The ‘firing’ lesson Phil Mickelson learned from Tom Brady at Augusta

Phil Mickelson hits a putt on Tuesday on the 3rd hole at Torrey Pines during practice for the U.S. Open.

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Phil Mickelson, a little while before the second Match just over a year ago, held out his phone in his right hand and filmed himself outside the Medalist Golf Club talking “bombs” and “hellacious seeds.” He’d post the video to Twitter, and it has nearly 40,000 likes. 

His partner in the event was also in the parking lot. 

“You know, I got to tell people, man: This dude played 18 holes this morning, and he was working out,” basketball hall of famer turned Match analyst Charles Barkley said on the TNT broadcast. “He was running, doing wind sprints and jumping jacks in the parking lot. Anybody got that type of dedication, I’m not betting against them.”  

Turns out Tom Brady works out at other private golf clubs, too. 

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Augusta National, it seems, has a gym. 

“So I’ve been fortunate to spend time with him, and when I’m around him, I learn a lot,” Mickelson said Monday ahead of this week’s U.S. Open. “I learn a lot by just watching and observing the dedication, the hard work. When we would go play at Augusta and he’d stay at the cottages, he’d would be up hours before we played. He would go to the gym and do a bunch of band work for an hour just getting his shoulders and knees and hips and everything firing and activated.

“He’s very disciplined in what he eats and recovery and taking the time to do the right things after the round and so forth. It’s inspiring to see, because when you see somebody do it and do what he’s doing, which is play football at the highest level at an age that really nobody else has ever done it, it’s inspiring, and it’s motivating. When you see it happen, it’s much easier to do.”

Indeed. Nine months and one NFL season after that Match, Tom Brady won his seventh Super Bowl, and first with the Tampa Bay Buccaneers. He became, too, at 43, the oldest quarterback to win the Lombardi Trophy. Then, about three years months after the Super Bowl, and a year after that Match, Mickelson won this year’s PGA Championship. At 50, he is now the oldest to ever win a major championship.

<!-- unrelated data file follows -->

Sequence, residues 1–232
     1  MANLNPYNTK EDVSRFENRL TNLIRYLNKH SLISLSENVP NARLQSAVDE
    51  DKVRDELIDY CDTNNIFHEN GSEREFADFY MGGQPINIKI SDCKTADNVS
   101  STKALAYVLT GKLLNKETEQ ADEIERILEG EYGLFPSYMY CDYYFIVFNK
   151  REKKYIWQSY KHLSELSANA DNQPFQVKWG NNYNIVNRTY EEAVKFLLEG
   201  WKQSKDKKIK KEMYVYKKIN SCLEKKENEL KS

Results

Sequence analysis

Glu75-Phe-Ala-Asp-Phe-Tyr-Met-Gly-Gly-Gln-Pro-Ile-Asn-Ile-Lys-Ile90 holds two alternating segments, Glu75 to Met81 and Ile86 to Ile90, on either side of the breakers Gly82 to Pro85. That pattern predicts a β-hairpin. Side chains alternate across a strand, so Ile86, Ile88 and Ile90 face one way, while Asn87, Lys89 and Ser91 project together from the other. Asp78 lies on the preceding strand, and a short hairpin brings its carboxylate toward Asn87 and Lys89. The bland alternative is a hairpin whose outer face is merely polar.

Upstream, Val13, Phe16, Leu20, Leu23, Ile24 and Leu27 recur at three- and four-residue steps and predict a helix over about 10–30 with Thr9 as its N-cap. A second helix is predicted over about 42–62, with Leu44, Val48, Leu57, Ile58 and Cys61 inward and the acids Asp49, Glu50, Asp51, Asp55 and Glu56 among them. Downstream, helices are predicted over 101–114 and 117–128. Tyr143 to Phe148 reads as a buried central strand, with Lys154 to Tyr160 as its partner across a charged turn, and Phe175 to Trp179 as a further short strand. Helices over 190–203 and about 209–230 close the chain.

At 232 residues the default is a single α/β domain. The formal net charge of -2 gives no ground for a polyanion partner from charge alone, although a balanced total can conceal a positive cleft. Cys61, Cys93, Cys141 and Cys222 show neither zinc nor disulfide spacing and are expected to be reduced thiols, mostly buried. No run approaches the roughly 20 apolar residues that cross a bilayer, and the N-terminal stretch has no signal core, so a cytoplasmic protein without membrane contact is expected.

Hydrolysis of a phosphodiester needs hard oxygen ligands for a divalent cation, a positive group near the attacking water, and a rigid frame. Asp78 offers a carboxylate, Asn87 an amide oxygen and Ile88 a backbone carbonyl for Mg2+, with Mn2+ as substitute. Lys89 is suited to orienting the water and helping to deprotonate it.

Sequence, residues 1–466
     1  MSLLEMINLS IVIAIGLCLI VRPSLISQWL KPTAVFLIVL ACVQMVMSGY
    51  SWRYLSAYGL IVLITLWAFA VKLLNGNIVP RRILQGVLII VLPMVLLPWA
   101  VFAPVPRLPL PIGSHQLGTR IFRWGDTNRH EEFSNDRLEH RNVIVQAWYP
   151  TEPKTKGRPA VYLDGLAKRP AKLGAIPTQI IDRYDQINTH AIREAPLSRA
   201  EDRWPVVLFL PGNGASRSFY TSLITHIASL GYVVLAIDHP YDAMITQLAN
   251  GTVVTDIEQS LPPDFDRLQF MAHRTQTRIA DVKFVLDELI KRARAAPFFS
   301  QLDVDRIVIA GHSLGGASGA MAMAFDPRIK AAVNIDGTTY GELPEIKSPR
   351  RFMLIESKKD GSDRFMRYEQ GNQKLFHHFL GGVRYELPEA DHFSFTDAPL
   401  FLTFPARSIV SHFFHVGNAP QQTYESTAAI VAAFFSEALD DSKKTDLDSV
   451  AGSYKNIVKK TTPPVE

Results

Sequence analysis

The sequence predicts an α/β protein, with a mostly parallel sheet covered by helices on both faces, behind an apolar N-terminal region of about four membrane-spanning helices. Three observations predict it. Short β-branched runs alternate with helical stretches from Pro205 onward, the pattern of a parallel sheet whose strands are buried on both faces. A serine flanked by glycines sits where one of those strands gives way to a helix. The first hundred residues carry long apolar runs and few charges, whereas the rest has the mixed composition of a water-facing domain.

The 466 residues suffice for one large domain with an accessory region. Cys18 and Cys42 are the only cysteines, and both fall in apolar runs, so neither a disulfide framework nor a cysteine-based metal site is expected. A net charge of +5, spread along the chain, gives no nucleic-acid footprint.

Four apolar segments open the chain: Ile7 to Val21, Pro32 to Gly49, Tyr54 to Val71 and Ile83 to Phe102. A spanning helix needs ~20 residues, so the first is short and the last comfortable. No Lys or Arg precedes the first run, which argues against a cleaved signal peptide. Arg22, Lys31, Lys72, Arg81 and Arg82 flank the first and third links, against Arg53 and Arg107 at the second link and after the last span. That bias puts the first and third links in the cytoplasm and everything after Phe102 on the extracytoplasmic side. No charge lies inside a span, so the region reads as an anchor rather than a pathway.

In three weeks, the two will pair up again when they face Bryson DeChambeau and another quarterback, Aaron Rodgers, at the Match 4. Their first time together, against Tiger Woods and Peyton Manning, Brady hooked his tee on 1 shot, split the backside of his pants after a hole-out for eagle on 7 and entered the back nine with Mickelson down three. He’d rally in the second half. They’d lose only 1-down. 

“So he played really well the back nine, and when we’ve played, he plays a lot better than what you saw on the front,” Mickelson said Monday. “He just hadn’t been playing at that time so his game wasn’t sharp, and he just didn’t quite have it that day. It almost made him more human because he excels at everything he does. To see him struggle like that was very humanizing, I thought. I thought it was a good thing.

“Then the back nine, he kind of clutched up and played and hit some shots, and we made a good move at it and ended up losing 1-up. The way he can mentally slow down when things aren’t going well and process it and then start to perform is another trait that you learn from him.”

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Nick Piastowski

Nick Piastowski Editor

Nick Piastowski is a Senior Editor at and Golf Magazine. In his role, he is responsible for editing, writing and developing stories across the golf space. And when he’s not writing about ways to hit the golf ball farther and straighter, the Milwaukee native is probably playing the game, hitting the ball left, right and short, and drinking a cold beer to wash away his score. You can reach out to him about any of these topics — his stories, his game or his beers — at